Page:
What have we learnt from ­August?

NASCAR wants to race inside a football stadium; Red Bull has made their cars faster than Merc; you can forget Monza this weekend we already know the top four finishers so if you are allowed out of your house with your parents or guardians, head straight to Australia’s best small town, Leyburn, for the best round the town racing in the world (if you don’t end up in the school swimming pool), the 25th annual Leyburn Sprints; there are wonderfully naive individuals left in the world – Georgie Russell says Mercedes has promised he won’t be No. 2 to Lewis Hamilton; average values of serious classics have stayed flat despite what you read elsewhere: Charlie Watts was a serious petrol head despite not driving; absolute proof the world is stuffed when the biggest sale at a RM Sotheby auction is a 1936 bus; your correspondent has discovered electric karts are better than antidepressants and if lockdown is making you feel bad jump on the blower to one of the services at the bottom of the page or join Mick at the corner bar at the Kensi or me at the Hyperkarting track at what was Fox Studios (part of this company’s multimedia platform but now a farmers market). I’m serious about the blower, the Kensi and the Hyperkarts if you’re feeling crook.

Coming into the Ferrari tribute track 100-year anniversary (and yes classic Feezers have been the only sure bet to buy in time-adjusted dollars for many years), the wonderfully named Autodromo Nazionale di Monza (has a better ring to it than Eastern Creek near the rubbish tip or Bathurst) for the Italian GP (where, sadly, Feezer has as much chance of winning as the old bloke and I have of a ­podium at Classic Adelaide in ­November – if Mum and Dad let us out to play), now with added sprint race, think before you bet. While Hamo is favourite here with Mad Max second fav, this is going to ­depend on whether Merc has upgraded its Mercs and whether Lou can take advantage of Mercedes’ top speed at this track. Red Bull spent money changing the car this season, Merc thought it didn’t need to until Hamo got behind on the driver’s championship, and Red Bull is only 10 points behind in the constructors’ leaderboard.

Of course, like flies at a barbecue (remember them – barbecues, not flies), Alfa readers keep making pests of themselves. “As reader number 16½, I wonder about the weekly Bible’s reference to Kimi’s retirement followed by the comment that George Russell would be Hamo’s wingman. No reference was made to Valtteri, or indeed the Alfa Romeo team. I know you do these things just to make sure readers are paying attention,” says regular reader Mike Knoche. Mike, of course I made no reference to the Italian team but as you know I only mention Alfa twice a year and this year’s quota is done.

Talking of readers, Tony Ludington is not happy (well he drives a Mazda) because I haven’t answered him. Now one excuse is that Covid has brought a flood of emails, faxes, telexes and the occasional telegram. (How can 20 readers, one family member and my dog generate all that correspondence?) Anyway Tony has been having problems with the radio reception in his Mazda. Tony if that’s the only problem you have with your Mazda put on a keg of Coopers sparkling for us all. Tony writes: “Where are you at with my problem? Our local parish priest who has a late model Mazda 6 and has similar radio problems was told by Mazda it was the powerlines causing it!” As you all know we do our best to keep religion (but Shanah Tovah and A gut gebentsht yor for last week), politics and basically anything interesting out of the column, but I don’t want to get on the wrong side of the big man, woman or other upstairs so can I just say most modern car ­radios suck. And unlike my old Land Cruiser, there’s nowhere to put a coat hanger to improve reception because a lot of the time, for aesthetic reasons, the aerial is embedded in the windscreen. Even my SS ute with a huge V8 donk has the world’s smallest aerial that only lets you listen to AM radio when you are on top of a high hill on a cloudless day when the temperature is 34.5C.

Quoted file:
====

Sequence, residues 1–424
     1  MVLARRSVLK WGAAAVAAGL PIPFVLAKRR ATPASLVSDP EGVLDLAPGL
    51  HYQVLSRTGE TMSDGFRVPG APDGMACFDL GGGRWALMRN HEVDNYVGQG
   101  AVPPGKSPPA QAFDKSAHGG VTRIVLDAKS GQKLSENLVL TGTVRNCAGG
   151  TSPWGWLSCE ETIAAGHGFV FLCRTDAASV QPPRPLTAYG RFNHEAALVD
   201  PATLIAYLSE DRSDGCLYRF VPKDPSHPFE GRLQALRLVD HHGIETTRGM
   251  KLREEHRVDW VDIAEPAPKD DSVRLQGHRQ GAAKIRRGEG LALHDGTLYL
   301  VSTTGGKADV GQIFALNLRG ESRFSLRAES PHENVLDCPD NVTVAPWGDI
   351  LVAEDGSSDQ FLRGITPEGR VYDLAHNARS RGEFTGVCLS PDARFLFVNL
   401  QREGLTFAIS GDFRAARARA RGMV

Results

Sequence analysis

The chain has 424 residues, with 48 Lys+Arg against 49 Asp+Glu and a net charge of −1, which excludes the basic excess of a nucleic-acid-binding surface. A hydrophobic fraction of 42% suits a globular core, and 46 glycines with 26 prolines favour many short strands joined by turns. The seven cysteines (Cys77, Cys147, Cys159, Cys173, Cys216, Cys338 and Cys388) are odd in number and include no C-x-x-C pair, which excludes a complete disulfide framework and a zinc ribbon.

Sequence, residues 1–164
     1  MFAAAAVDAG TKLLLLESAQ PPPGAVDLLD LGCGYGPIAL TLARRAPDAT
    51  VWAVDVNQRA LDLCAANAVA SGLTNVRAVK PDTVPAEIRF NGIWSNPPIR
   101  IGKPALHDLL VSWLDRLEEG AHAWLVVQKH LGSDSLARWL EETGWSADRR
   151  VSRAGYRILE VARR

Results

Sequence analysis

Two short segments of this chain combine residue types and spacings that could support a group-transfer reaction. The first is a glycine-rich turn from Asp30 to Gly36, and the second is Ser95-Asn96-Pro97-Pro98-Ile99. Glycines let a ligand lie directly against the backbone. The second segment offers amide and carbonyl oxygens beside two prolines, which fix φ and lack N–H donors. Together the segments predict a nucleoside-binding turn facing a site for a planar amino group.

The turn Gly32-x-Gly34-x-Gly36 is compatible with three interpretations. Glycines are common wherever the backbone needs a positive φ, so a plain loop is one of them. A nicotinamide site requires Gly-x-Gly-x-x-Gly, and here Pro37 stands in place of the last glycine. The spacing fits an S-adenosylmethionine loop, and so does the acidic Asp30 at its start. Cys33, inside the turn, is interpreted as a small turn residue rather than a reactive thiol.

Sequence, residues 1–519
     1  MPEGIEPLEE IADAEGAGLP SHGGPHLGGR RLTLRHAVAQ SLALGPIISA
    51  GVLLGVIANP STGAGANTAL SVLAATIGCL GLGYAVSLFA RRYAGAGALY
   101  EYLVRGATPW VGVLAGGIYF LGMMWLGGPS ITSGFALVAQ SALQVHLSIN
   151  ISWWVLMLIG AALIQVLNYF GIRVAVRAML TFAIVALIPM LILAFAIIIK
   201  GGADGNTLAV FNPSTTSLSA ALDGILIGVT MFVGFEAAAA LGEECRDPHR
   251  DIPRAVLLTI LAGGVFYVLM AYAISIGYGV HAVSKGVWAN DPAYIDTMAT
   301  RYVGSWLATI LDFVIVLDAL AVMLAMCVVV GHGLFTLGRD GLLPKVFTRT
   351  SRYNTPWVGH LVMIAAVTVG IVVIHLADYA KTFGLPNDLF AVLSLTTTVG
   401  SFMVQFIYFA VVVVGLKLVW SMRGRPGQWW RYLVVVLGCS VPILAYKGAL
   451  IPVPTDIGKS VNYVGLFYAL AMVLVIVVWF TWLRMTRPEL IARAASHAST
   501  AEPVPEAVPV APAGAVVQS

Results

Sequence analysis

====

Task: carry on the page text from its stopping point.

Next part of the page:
Our form guide for classic car values is Simon Kidston’s K500 (we pay about $150 a year). In the top 10 cars to collect are two ­Bugattis, three Fezzers, one Merc, one Porker and unfortunately one Alfa, but surprisingly the 1936 white Model 706 Yellowstone ­National Park tour bus doesn’t get a mention. Sold last week, these iconic buses chauffeured visitors on the adventure of a lifetime (nearly as good as walking outside your house). The last generation of these was the White 706.

The 706 owes its handsome design to legendary industrial stylist Alexis de Sakhnoffsky with assistance from white president R.F. Black and Herman Bender of the Bender Body Company (if I start a crash repair company I’m calling it the Fender Bender Body Company). De Sakhnoffsky was responsible for the streamlined grille and Bender built everything from the cowl back. You could stuff 14 passengers in. The roof has a canvas top offering open-air views. During restoration, the owner specified installation of a 3000-watt power inverter to run Christmas lights for the holidays and a margarita machine as a delicious way to end outings in the summer. A margarita machine! Tony, forget the radio. Here’s something every car should have as standard.

If you are feeling down, lost interest in life or drinking much more than normal, give Beyond Blue a call 1300 22 4636 or Lifeline on 13 11 14. No one will know and they are really helpful – personal experience.

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